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# TensorFlow Tutorial 4: Creating a Neural Net

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16 Oct 2018CPOL3 min read 6.4K   4   5

By Dante Sblendorio

What is a neural net, and how can you create one? Keep reading to find out. Below, I explain the basics of setting up a neural net using TensorFlow.

A neural net consists of three key components: the input layer, the hidden layer(s), and the output layer. Each layer has an arbitrary number of nodes (or neurons). In the example in the previous section, the input layer is `const1` and `const2`. The matrix addition can be thought of as the hidden layer, and the output layer is the output. In the case of our wine data, the input data is the 13 chemical features and the output layer is the `Class`. The hidden layer can be thought of as a sophisticated ensemble of mathematical functions that behave as filters, extracting the relevant features for determining the correct `Class`. The structure of the neural net is inspired by biology, specifically the neural connections in the human brain. For the sake of this article, I won’t go into depth about the mathematical structure of the hidden layer(s). It is sufficient to think of it as a mathematical “black box” that extracts hidden meaning from the data. (However, if you want to learn more, this is a thorough online textbook on neural networks and deep learning.)

We split the dataset into a training and test set. This allows us to “train” the mathematical operators within the hidden layer to converge on ideal values that correctly predict the correct `Class` based on the 13 features for each observation. We then inject the test set into the neural net and evaluate the accuracy to determine how well the net has been trained. Splitting the data in this way provides a way to avoid overfitting or underfitting the data, thereby giving a true estimation of the accuracy of the net. In order to prepare the data for TensorFlow, we perform some slight manipulation:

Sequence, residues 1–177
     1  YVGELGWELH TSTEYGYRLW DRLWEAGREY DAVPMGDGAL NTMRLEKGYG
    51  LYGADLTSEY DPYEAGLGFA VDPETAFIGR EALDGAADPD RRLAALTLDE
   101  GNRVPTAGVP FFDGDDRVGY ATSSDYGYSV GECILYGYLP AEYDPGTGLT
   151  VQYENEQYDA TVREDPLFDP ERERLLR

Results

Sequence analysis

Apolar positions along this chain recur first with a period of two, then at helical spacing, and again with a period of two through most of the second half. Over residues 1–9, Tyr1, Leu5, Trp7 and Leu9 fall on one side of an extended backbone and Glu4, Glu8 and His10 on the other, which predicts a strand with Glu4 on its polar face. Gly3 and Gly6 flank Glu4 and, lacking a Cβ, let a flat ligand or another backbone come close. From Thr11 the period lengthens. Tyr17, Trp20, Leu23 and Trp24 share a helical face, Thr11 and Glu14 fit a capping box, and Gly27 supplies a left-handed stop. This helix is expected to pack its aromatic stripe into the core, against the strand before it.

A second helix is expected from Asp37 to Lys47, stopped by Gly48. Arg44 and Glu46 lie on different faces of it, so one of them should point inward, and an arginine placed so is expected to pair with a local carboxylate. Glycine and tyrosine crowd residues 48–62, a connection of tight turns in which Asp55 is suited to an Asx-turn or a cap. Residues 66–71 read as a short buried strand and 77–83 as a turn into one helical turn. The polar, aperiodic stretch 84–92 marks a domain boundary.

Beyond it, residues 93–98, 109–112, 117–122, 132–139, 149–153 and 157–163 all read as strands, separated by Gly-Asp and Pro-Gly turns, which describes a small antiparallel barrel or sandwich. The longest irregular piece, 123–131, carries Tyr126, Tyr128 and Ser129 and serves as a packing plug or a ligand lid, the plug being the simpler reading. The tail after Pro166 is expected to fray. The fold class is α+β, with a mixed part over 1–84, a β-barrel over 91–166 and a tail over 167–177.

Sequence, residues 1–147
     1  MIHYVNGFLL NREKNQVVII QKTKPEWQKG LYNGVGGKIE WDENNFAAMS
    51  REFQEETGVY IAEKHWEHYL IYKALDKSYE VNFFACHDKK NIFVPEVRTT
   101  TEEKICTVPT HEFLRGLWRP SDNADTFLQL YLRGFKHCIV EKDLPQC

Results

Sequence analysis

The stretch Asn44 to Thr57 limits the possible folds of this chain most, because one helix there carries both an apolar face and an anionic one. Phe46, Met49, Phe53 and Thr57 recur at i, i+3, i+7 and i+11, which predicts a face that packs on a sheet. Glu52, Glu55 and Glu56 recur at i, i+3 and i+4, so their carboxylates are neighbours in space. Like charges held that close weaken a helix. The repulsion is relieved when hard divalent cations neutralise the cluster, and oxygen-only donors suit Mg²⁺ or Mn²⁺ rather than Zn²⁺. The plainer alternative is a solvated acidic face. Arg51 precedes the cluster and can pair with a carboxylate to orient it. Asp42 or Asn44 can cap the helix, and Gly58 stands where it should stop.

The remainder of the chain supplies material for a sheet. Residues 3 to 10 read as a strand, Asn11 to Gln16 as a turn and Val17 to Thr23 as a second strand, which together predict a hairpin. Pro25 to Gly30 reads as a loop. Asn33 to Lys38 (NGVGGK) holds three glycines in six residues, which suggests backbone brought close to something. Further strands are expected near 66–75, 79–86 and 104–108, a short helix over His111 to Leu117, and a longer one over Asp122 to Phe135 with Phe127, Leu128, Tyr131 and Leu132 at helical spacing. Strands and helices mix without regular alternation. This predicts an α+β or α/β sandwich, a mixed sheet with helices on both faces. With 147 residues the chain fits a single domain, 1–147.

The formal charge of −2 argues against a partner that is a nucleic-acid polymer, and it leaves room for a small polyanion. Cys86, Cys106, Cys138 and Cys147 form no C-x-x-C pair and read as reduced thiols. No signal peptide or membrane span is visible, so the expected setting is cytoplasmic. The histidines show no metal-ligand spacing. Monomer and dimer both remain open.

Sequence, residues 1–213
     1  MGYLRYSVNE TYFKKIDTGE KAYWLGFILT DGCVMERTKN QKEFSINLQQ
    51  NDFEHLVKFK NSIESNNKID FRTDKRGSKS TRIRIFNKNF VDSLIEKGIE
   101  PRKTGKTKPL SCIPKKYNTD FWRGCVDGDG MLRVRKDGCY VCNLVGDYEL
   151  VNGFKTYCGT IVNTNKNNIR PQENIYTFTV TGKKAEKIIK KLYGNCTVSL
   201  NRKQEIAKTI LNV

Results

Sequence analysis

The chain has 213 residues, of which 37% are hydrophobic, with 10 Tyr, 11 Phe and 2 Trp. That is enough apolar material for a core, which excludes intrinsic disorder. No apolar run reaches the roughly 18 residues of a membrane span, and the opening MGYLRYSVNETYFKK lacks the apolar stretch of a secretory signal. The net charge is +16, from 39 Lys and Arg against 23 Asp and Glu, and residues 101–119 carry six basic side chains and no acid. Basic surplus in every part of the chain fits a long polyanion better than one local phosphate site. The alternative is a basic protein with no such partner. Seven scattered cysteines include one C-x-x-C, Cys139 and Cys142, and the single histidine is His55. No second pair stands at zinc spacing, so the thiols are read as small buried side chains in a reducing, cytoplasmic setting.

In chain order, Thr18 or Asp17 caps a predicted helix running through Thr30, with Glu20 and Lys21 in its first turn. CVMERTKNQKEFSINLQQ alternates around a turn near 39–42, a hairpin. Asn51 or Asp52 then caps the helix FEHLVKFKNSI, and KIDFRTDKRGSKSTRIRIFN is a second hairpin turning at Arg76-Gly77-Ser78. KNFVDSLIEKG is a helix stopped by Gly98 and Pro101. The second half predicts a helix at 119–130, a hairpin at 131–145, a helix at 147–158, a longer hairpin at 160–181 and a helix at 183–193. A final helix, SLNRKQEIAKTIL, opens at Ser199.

```from sklearn.model_selection import train_test_split

#this prepares our Class variable for the NN
def convertClass(val):
if val == 1:
return [1, 0, 0]
elif val == 2:
return [0, 1, 0]
else:
return [0, 0, 1]

Y = wine_df.loc[:,'Class'].values
Y = np.array([convertClass(i) for i in Y])
X = wine_df.loc[:,'Alcohol':'Proline'].values

#we split the dataset into a test and training set
train_x, test_x, train_y, test_y = train_test_split(X,Y , test_size=0.3, random_state=0)
train_x = train_x.transpose()
train_y = train_y.transpose()
test_x = test_x.transpose()
test_y = test_y.transpose()```

Now that the data is prepped, we define several functions that form the foundation of the neural net. First, we define a function that establishes the initial parameters of our net. Here we also define how many nodes are in each of the hidden layers (I chose to have two hidden layers). Since we have three possible values for `Class`, we have three nodes in the output layer. Next we define a forward propagation function. All this does is send the 13 features through the net, and subject them to the mathematical operations within the hidden layer.

We also need to define a cost function. This is a critical function that allows us to “train” the network. It is a single value that describes how well the net does at predicting the correct `Class`. If the cost value is high, the mathematical operates adjust, and the data is fed through the net again. The data is fed through the net until the cost value converges.

```def init_parameters(num_input_features):

num_hidden_layer =  32
num_hidden_layer_2 = 16
num_output_layer_1 = 3

tf.set_random_seed(1)
W1 = tf.get_variable("W1", [num_hidden_layer, num_input_features], initializer = tf.contrib.layers.xavier_initializer(seed=1))
b1 = tf.get_variable("b1", [num_hidden_layer, 1], initializer = tf.zeros_initializer())